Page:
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Mathematics in a second grade classroom: the effects of cognitively guided problem solving

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The need for improved mathematics education in many of America's schools that serve students from low income households has been extensively documented. This practical action research study, set in a

The need for improved mathematics education in many of America's schools that serve students from low income households has been extensively documented. This practical action research study, set in a suburban Title I school with a primarily Hispanic, non-native English speaking population, is designed to explore the effects of the progression through a set of problem solving solution strategies on the mathematics problem solving abilities of 2nd grade students. Students worked in class with partners to complete a Cognitively Guided Instruction-style (CGI) mathematics word problem using a dictated solution strategy five days a week for twelve weeks, three or four weeks for each of four solution strategies. The phases included acting out the problem using realia, representing the problem using standard mathematics manipulatives, modeling the problem using a schematic representation, and solving the problem using a number sentence. Data were collected using a five question problem solving pre- and post-assessment, video recorded observations, and Daily Answer Recording Slips or Mathematics Problem Solving Journals. Findings showed that this problem solving innovation was effective in increasing the problem solving abilities of all participants in this study, with an average increase of 63% in the number of pre-assessment to post-assessment questions answered correctly. Additionally, students increased the complexity of solutions used to solve problems and decreased the rate of guessing at answers to word problems. Further rounds of research looking into the direct effects of the MKO are suggested as next steps of research.

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Date Created
  • 2013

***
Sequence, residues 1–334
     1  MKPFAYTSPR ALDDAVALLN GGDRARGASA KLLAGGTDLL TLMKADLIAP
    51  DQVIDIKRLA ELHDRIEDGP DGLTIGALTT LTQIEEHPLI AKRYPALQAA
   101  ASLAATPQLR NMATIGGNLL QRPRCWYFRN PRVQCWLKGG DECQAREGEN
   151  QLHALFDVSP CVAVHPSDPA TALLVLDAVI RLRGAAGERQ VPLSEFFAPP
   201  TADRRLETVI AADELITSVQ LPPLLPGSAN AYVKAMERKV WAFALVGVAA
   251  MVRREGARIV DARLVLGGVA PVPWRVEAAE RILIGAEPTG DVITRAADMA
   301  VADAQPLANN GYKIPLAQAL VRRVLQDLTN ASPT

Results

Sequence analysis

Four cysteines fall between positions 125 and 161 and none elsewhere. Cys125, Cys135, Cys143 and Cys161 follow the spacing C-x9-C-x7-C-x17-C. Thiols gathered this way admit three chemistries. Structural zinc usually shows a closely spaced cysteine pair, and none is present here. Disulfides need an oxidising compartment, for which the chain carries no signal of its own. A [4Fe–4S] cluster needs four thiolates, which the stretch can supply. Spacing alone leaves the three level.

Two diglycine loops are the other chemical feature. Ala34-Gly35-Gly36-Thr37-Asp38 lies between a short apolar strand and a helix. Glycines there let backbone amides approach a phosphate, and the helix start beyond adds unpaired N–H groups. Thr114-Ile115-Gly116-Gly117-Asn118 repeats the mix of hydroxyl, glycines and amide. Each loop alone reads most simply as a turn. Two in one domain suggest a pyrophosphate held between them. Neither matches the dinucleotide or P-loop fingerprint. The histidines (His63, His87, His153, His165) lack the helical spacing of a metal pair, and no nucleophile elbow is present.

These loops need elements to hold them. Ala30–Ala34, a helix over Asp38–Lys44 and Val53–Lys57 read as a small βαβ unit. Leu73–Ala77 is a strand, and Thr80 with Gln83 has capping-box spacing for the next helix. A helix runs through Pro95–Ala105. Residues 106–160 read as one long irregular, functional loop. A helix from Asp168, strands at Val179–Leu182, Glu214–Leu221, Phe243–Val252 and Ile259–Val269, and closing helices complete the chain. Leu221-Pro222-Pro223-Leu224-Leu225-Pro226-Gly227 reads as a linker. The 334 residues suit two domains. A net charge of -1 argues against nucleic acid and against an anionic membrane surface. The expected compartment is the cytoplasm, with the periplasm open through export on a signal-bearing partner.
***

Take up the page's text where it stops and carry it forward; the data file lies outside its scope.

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The effect of cognitively guided instruction on primary students' math achievement, problem-solving abilities and teacher questioning

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The purpose of this study is to impact the teaching and learning of math of 2nd through 4th grade math students at Porfirio H. Gonzales Elementary School. The Cognitively Guided

The purpose of this study is to impact the teaching and learning of math of 2nd through 4th grade math students at Porfirio H. Gonzales Elementary School. The Cognitively Guided Instruction (CGI) model serves as the independent variable for this study. Its intent is to promote math instruction that emphasizes problem-solving to a greater degree and facilitates higher level questioning of teachers during their instructional dialogue with students. A mixed methods approach is being employed to see how the use of the CGI model of instruction impacts the math achievement of 2nd through 4th grade students on quarterly benchmark assessments administered at this school, to see how students problem-solving abilities progress over the duration of the study, and to see how teacher practices in questioning progress. Quantitative methods are used to answer the first of these research questions using archival time series (Amrein & Berliner, 2002) to view trends in achievement before and after the implementation of the CGI model. Qualitative methods are being used to answer questions around students' progression in their problem-solving abilities and teacher questioning to get richer descriptions of how these constructs evolve over the course of the study.

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Date Created
  • 2012